Expect those rainy days

Expect those rainy days

Waking up at 3 a.m. is not a fun time, especially when you’re dreaming about bills. Everyone has hopefully heard the phrase “when it rains, it pours.” If you haven’t, in Merriam-Webster it says, “used to say that when something bad happens other bad things usually happen at the same time.”

It seems like that couldn’t be truer for me right now. I had busted my knee last year, but I finally decided to get it looked at, so medical bills will be coming. I am also paying for my honeymoon, which is not a terrible thing, but it is expensive. Then as I was driving, something popped up and it stated that I will need to change my timing belt in my car.

I am used to normal expenses, but things like these can really throw a healthy financial picture out of order, especially if you’re not prepared. One saying that I keep coming back to is when my friend was telling my dad about getting married, finding a house, and finding a job and he was a little nervous, and dad replied with “That’s life.”

It was straight and to the point. It was also absolutely true. I don’t know where we received this notion that life is easy, and terrible things shouldn’t pop up if we’re Christians or even just good people. Things that will flip your financial dream on its head will come up many times in life, and they could derail you completely if you are not prepared. By prepared, I mean an emergency fund. Something that will basically be your “superhero” when an unexpected situation comes into your life and helps save the day.

While I don’t have a specific emergency fund, I always make sure that I have enough cash on hand for something like a medical emergency or house repairs. Even the “new car fund” that I keep putting money into is used for unforeseen car repairs. It can be the difference between just stressing about it or losing it completely.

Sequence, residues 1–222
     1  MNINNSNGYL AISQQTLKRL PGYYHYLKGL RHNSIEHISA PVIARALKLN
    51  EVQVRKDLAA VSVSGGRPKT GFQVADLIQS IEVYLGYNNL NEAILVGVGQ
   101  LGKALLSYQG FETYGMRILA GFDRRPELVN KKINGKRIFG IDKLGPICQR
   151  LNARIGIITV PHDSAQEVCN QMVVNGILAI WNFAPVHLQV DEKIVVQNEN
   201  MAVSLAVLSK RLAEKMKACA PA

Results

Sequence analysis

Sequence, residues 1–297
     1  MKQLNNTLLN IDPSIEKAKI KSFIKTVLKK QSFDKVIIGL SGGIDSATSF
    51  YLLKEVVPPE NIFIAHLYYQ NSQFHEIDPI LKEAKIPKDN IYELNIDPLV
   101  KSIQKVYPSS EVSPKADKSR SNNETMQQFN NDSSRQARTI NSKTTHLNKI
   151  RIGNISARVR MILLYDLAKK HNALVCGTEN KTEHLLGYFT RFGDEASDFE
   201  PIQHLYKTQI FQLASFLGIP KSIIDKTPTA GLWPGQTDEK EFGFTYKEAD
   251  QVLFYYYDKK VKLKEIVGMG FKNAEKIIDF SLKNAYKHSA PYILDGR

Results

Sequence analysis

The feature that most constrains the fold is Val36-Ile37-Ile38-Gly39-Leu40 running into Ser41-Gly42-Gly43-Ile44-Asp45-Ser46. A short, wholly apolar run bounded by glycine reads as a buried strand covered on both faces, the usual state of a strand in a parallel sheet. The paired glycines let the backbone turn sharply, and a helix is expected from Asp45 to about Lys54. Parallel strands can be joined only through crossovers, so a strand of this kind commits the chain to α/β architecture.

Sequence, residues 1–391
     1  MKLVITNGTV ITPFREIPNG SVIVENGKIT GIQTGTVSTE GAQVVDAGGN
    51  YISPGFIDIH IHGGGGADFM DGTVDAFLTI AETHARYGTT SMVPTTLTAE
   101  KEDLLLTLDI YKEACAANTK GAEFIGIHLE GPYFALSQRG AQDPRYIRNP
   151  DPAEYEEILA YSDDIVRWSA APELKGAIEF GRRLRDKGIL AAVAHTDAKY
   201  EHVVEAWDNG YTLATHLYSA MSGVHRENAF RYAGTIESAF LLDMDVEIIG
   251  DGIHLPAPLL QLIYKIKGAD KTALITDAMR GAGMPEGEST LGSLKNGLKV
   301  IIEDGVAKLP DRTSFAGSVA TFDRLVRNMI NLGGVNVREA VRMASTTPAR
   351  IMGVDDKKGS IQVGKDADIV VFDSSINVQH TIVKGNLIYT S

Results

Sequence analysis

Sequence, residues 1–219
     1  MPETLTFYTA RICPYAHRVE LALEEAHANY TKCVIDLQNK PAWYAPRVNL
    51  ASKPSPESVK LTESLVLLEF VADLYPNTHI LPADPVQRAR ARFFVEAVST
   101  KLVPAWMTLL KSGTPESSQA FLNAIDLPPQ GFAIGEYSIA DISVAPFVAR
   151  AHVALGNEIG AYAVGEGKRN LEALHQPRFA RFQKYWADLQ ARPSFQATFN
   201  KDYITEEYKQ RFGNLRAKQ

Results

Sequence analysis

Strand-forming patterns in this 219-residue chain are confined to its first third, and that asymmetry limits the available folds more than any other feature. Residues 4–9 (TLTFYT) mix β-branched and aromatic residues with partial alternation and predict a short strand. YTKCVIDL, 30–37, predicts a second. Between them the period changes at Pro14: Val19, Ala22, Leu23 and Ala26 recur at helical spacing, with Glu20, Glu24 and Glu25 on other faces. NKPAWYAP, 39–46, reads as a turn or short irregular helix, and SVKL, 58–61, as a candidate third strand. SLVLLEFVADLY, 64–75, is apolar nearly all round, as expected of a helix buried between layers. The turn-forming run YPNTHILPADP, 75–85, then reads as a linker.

What I am not saying is that using this is easy, far from it. It’s hard-earned money that I always think “I could have bought this” or “I could have invested this and made more money” when I begrudgingly pay the unplanned bill, but then I must be thankful for the fact that I do have the money to pay for it. It’s a double-edged sword, because sometimes I wish everything were free, but that’s not reality.

Challenging situations and rainy days will come in our lives, but it should be expected. I was in a comparable situation when I was renting my first house to someone just hoping that nothing ever went wrong so I could keep that money. Of course, that was a fantasy, and I would be stressed and anxious whenever a sink would leak, the hot water heater would stop working, or a deck board would rot through. I wasn’t living in the real world where things break and give out, and that’s why I would be so surprised when I would get a call or text from the renter saying that something was wrong.

The only advice is having that umbrella for a rainy day or rainy days because they can come in droves. The emergency fund that is set aside can solve problems quickly in case a dryer goes out or one of the kids snaps their leg while playing sports. I know just having the money sitting there is frustrating but put yourself in a situation where you have a large bill unexpectedly and you don’t have that money. Keeping this safeguard in place will help avoid unneeded stress and you will be thankful for that.

Holmes County native BJ Yoder is an insurance agent by day and a finance enthusiast by night. This column is for informational purposes only. He can be emailed at benjamin.john.yoder@gmail.com.

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